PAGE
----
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Arch Craniofac Surg > Volume 24(5); 2023 > Article
Park, Seong, Park, and Yeo: Standardized surgical strategy for the treatment of preauricular sinus to reduce recurrence



Preauricular sinus (PAS) is a common congenital anomaly, and complete excision is recommended to prevent recurrence. However, PAS has a high recurrence rate as a result of incomplete removal due to the high variability of the sinus ramifications, making its treatment challenging. In this study, we standardized the surgical procedure to reduce the complications and recurrence rate and compared the postoperative results between the non-standardized and the standardized groups.


This retrospective study included 97 patients (120 ears) who had undergone PAS excision by a single surgeon between October 2014 and September 2022 and underwent at least 6 months of follow-up. After October 2018, all patients were treated using the standardized method, which comprised the use of magnifying glasses, exploration with a lacrimal probe, the use of methylene blue staining, and excision of a piece of surrounding normal tissue and related cartilage in continuity with the specimen. There were 38 patients (45 ears) in the non-standardized group and 59 patients (75 ears) in the standardized group.


Recurrence was observed in six of 120 ears, indicating an overall recurrence rate of 5.0%. Recurrence occurred in five ears (11.1%) in the non-standardized group and one ear (1.3%) in the standardized group. The standardized group had a significantly lower recurrence rate (p= 0.027) than the non-standardized group.


We defined a standardized sinectomy protocol and used it for the surgical treatment of PAS. With this standardized method, we were able to reduce the rates of complications and recurrence without the use of a long incision.



preauricular sinus


supra-auricular approach


Preauricular sinus (PAS) is a congenital malformation of the preauricular area that was first described in 1864 [1]. It is caused by incomplete or defective fusion of the six auditory hillocks during preauricular development. PAS can be sporadic or inherited, and it has been mapped to a specific chromosomal location [2,3]. The incidence of PAS has been reported to be 0.1% to 10%, with a higher incidence observed in Asians and Africans than in Caucasians [3-5]. The most common location of the PAS opening is the anterior margin of the ascending limb of the helix, followed by the eminence of the cymba conchae; furthermore, these openings are more commonly seen in unilateral than in bilateral sinuses [3,6]. Only approximately 25% of patients with PAS experience symptoms [7]. Treatment is required for cases involving inflammation or infection with intermittent or chronic discharge [7,8].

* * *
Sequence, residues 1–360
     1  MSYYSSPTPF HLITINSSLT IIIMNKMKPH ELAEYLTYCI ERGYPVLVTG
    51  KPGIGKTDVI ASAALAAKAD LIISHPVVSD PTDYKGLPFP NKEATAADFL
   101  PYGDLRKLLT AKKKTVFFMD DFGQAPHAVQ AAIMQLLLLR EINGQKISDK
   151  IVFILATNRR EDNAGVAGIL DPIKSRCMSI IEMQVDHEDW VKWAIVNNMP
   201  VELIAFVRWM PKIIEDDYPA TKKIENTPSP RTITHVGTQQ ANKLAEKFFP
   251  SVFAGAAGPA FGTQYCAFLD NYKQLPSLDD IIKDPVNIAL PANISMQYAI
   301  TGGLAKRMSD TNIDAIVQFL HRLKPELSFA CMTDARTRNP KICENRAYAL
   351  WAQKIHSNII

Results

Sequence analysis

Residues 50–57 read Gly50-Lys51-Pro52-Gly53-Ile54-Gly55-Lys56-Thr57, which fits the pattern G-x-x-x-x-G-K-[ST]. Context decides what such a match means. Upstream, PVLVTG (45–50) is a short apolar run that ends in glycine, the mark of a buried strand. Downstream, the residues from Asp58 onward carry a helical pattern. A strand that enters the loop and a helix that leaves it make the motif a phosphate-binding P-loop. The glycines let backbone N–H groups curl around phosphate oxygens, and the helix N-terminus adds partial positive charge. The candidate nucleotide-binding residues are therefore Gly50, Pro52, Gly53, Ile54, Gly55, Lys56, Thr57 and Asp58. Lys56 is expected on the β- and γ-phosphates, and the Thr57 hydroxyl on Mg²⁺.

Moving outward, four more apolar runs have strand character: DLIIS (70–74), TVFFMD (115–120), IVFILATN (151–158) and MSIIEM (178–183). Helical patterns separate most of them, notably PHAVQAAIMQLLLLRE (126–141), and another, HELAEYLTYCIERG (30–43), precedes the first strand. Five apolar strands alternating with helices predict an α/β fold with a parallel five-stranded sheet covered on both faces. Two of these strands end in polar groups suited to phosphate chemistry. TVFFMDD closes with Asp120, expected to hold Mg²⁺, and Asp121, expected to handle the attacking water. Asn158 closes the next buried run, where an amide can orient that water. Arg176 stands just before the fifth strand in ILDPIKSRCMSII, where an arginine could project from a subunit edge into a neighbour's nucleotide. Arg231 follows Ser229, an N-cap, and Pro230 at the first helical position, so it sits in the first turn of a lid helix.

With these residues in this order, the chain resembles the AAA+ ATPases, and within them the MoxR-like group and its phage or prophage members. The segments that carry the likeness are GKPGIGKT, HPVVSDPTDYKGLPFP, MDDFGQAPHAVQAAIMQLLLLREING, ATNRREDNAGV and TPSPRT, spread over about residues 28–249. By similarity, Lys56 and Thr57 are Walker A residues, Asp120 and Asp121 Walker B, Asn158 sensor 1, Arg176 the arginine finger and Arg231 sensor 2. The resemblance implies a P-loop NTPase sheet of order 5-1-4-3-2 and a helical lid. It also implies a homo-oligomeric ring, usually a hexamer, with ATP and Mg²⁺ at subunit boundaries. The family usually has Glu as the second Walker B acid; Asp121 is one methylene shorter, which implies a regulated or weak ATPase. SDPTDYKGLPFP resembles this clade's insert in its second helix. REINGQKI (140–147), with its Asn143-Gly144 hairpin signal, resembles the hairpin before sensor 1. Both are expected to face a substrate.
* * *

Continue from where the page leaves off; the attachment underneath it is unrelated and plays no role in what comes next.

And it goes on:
Various surgical methods for the treatment of PAS have been published since the initial report of simple sinectomy in 1864; however, these can be broadly divided into the classic simple sinectomy approach and the supra-auricular approach (SAA). Simple sinectomy is associated with a relatively high recurrence rate (range, 0%–42%) because complete excision is difficult [9]. The SAA is associated with a lower recurrence rate (range, 0%– 23%) than simple sinectomy, but it is associated with problems such as dead space and long scars because extensive incision and dissection are required [9-11]. Several modifications have been proposed to reduce the recurrence rate associated with simple sinectomy, including the lacrimal probe, methylene blue staining, and magnification using a loupe or microscope. However, most studies have been retrospective case studies with a small sample size; therefore, there is a lack of substantial research on how these modifications affect outcomes. To reduce postoperative recurrence and complications and to achieve consistent PAS treatment results, we defined a standardized method of sinectomy, compared postoperative outcomes before and after standardization of this method, and analyzed the effects of standardization.


Patients and standardization

The participants were patients who had undergone PAS excision by a single surgeon at our plastic surgery department between October 2014 and September 2022 and were available for at least 6 months of follow-up. Preoperative and postoperative demographic and clinical data from the patients’ medical records were retrospectively reviewed.
Surgery was performed in patients presenting with symptoms such as repeated discharge and swelling and in non-symptomatic patients when they requested for surgery. Antibiotics were administered to patients with preoperative inflammation or infection. Incision and drainage were performed for patients with an abscess. In such cases, surgery was performed 2 to 3 months after the incision and drainage and only after the infection had been controlled.
Sinectomy was used to perform PAS excision. The standardized method comprised all of the following: the use of magnifying glasses; exploration with a lacrimal probe; the use of methylene blue staining; and excision of a piece of surrounding normal tissue and related cartilage in continuity with the specimen. Only those who received all four procedures were enrolled in the standardized group, and those missing any of the four procedures were included in the non-standardized group. After October 2018, all patients were treated using the standardized method.